Toronto Mayor Ford has taken a hit in the polls as the mayor takes a leave of absence following the latest allegations of substance abuse and lewd behaviour.

A new poll conducted by Forum Research finds that 25 per cent of respondents said they would vote for Rob Ford in the upcoming municipal election, down from 29 per cent in April 15.

The poll, which was conducted a day after Ford announced his plans to temporarily leave office to deal with his substance abuse problems, also finds that 63 per cent of Toronto voters think Rob Ford should resign from office.

Dr. Lorne Bozinoff, Forum Research president, said the numbers reflect a growing intolerance of Ford’s public antics, even among core Ford Nation supporters.

“It appears there is finally a limit to what Ford Nation will stand for, and the mayor may have passed it,” Bozinoff said in a statement.

The poll notes that Ford also recorded the highest negative score, with 52 per cent of voters saying they would never vote for him.

Meanwhile, Toronto voters showed strong support for Ford’s decision to seek treatment, with 87 per cent of respondents saying they approve his decision to seek treatment, while 32 per cent said they would vote for Ford if he attends rehab and gets clean.

Chow takes lead in mayoral race

The latest scandal also had an effect on the mayoral race with the latest numbers suggesting that Olivia Chow would win 33 per cent of the vote if the election were held this week, followed closely by John Tory (27%), Rob Ford (22%), Karen Stintz (6%) and David Soknacki (5%).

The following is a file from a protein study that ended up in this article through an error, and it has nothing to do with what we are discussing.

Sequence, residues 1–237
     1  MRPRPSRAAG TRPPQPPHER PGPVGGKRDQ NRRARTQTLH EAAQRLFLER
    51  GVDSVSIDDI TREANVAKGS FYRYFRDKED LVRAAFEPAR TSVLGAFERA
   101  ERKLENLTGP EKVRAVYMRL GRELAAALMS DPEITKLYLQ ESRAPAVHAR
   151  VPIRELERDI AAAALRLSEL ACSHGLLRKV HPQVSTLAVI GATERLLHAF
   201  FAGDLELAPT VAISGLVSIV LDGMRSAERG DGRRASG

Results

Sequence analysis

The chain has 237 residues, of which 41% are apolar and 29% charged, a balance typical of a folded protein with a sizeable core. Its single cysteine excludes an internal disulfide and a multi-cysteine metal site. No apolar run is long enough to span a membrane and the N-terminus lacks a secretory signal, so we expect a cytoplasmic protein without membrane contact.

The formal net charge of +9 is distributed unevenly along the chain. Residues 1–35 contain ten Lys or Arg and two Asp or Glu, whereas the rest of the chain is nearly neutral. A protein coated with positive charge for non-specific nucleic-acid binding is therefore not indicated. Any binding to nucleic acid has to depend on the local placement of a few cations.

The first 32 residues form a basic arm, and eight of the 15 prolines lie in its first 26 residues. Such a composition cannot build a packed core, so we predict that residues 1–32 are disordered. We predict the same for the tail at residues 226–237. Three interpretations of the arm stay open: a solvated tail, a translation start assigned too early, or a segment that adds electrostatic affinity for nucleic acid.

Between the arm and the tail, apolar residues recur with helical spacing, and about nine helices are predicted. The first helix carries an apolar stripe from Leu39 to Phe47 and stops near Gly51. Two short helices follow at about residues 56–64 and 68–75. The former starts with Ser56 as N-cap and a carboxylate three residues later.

The poll notes that mayoral candidate John Tory saw a jump in approval ratings in wake of the Ford scandal, increasing from 65 per cent to 69 per cent, while Olivia Chow’s numbers remained relatively stable from 60 per cent to 58 per cent.

Bozinoff notes that the latest Ford scandal could end up helping Tory’s campaign in long-run.

“If he (Ford) doesn’t rejoin the race, John Tory is the beneficiary, as Ford voters will not vote for Chow,” Bozinoff said.

“Her support of focused at the left hand of the political spectrum, whereas Tory appeals across the middle,” he added.

The telephone poll surveyed 888 eligible Toronto voters and is considered accurate to within three percentage points, 19 times out of 20.